Virtually ignoring the drama that has enveloped the leadership of Noble Charter Network, a group of parents and some students passionately urged the Chicago school district Wednesday night to renew the group’s charter for 10 years.
They were the only voices at a public hearing before independent hearing officer Margaret Fitzpatrick on applications from 11 charter operators that run dozens of schools. Charters are publicly funded schools but privately operated with leeway to not follow some state education laws.
“We appreciate and respect the care and concern that our child receives at Noble,” said David Turner, explaining his son’s interest in academics blossomed after starting at Noble Street College Prep as a freshman this year.
Tina Williams told about her son entering Noble’s Johnson College Prep as a shy ninth grader four years ago. Now he’s talkative and excited about the future, Williams said.
“He is talking about college,” she said. “This school has been nothing but supportive.
Of 16 Noble high schools in Chicago, 11 received the top 1-plus rating in the latest district rankings. Only two received a rating lower than 1.
The hearing came the day after Noble President Constance Jones confirmed in a statement to the network’s teachers that founder Michael Milkie was stepping down amid reports of “inappropriate behavior with alumni,” which included hand-holding and “an instance of slow-dancing.”
Despite the circumstances of Milkie’s departure, Turner and his wife, Jenny, told Chalkbeat they had not lost confidence in the Noble network.
“As parents this concerns us greatly, and we support the board and all of their efforts,” Turner said. “No network is perfect, but Noble offers a good quality education.”
Along with an outside law firm hired by the network’s board of directors, the Chicago Public Schools Office of Inspector General is investigating Milkie’s behavior.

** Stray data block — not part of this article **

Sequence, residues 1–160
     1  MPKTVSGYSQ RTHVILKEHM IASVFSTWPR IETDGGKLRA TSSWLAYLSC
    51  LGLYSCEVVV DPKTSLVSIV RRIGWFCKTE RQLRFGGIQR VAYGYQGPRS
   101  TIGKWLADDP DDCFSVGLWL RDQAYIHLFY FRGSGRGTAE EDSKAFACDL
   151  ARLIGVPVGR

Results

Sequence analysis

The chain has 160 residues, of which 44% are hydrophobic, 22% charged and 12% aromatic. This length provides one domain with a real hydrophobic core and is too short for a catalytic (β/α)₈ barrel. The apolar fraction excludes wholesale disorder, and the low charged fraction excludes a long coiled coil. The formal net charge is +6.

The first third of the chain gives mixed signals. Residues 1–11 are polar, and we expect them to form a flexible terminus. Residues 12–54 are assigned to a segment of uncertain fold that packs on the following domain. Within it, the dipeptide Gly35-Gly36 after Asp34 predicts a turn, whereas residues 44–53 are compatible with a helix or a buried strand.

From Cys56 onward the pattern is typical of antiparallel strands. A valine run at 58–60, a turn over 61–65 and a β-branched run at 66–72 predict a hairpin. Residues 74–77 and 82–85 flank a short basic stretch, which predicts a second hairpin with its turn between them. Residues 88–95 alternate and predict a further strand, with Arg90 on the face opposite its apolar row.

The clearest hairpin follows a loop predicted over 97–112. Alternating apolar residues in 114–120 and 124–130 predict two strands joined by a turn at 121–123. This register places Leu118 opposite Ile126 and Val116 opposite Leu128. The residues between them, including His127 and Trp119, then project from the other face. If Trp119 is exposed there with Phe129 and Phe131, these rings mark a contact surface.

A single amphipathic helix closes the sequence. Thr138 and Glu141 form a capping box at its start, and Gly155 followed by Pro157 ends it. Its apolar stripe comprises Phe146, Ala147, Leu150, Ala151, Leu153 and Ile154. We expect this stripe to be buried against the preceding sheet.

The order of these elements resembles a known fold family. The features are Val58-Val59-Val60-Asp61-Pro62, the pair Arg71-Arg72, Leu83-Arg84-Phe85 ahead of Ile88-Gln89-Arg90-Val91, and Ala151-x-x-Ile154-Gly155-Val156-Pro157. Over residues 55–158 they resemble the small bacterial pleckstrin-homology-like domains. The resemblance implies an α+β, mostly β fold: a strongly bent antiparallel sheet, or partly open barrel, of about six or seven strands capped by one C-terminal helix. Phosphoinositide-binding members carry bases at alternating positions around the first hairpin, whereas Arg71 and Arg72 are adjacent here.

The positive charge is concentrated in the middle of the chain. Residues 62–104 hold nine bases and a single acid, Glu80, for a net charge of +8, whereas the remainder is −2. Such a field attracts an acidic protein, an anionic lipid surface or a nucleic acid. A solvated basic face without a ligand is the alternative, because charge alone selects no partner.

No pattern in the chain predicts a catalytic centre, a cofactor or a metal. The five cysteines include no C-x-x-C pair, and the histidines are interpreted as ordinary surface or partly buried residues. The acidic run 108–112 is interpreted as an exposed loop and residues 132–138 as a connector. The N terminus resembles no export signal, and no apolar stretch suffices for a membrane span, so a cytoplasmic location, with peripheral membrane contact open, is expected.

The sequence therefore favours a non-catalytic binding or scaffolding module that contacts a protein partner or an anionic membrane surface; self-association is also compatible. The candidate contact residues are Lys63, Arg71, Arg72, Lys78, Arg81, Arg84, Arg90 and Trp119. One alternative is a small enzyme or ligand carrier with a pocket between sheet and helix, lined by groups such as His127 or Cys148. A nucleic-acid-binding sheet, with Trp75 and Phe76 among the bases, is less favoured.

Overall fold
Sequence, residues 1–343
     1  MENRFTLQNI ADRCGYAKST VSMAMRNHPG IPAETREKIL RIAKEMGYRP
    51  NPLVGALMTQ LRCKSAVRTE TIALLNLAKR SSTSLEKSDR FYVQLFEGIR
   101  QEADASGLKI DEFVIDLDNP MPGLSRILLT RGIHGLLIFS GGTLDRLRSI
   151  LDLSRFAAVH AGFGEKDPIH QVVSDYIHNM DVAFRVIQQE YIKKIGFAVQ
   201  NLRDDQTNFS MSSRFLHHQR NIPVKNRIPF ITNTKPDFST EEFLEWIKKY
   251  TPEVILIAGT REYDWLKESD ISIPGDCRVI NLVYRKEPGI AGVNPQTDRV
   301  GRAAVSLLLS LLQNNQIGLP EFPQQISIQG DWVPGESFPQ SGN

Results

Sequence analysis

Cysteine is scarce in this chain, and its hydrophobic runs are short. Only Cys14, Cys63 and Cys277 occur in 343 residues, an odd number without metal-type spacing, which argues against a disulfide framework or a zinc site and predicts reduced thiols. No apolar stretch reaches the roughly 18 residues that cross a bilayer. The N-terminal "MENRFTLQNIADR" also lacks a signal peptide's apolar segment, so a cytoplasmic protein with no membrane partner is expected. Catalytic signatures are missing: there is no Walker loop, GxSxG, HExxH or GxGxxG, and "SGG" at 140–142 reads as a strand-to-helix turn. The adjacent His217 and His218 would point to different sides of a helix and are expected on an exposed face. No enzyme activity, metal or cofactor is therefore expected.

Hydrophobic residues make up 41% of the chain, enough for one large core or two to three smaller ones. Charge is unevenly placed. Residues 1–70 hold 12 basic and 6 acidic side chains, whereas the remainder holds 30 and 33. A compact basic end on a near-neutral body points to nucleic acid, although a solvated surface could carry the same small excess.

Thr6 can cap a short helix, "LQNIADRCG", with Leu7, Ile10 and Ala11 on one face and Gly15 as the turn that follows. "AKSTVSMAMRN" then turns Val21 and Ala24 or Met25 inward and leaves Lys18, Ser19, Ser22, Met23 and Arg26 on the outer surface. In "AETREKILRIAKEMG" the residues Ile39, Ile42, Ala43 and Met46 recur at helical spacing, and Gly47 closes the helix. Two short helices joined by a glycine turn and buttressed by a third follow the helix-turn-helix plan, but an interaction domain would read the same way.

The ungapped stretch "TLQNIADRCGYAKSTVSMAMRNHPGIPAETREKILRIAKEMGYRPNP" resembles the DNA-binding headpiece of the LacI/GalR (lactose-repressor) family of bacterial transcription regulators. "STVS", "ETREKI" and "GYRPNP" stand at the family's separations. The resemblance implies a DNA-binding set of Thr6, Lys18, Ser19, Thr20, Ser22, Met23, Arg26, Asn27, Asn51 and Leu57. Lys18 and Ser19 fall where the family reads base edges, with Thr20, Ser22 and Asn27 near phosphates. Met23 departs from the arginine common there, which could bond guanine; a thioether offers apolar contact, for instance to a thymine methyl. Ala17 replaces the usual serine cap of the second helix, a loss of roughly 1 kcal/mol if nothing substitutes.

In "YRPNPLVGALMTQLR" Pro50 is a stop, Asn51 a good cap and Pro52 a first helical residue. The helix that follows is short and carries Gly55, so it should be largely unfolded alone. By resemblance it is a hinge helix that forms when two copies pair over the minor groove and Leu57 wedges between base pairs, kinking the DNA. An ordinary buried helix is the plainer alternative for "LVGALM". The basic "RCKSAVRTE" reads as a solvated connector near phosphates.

“Nothing is more important than the safety of students, whether they are in a district-run school or a charter school, and the district will continue to collaborate to strengthen student safety and support,” the district said a statement. “The district is deeply concerned about these allegations and the OIG investigation will provide us with a clearer understanding of the allegations and actions that were taken to protect students.”
Milkie will retire at the end of the calendar year.
Noble network supporters, spoke mostly about how the school turned around their academics.
Alumna Diana Segovia said that she had little motivation to do well in high school during her first months at Noble’s Pritzker College Prep. But soon, extracurriculars like the debate team and strong relationships with teachers awakened her interest in education.
“Adapting to the school was very hard, but when I was ready to actually focus, my teachers were so excited,” she said.
Charter operators ask the district to renew their charter for any number of years, but the district usually gives renewals of two to seven years.
After district officials make their recommendation on renewing charters, the school board will vote on the applications Dec. 5.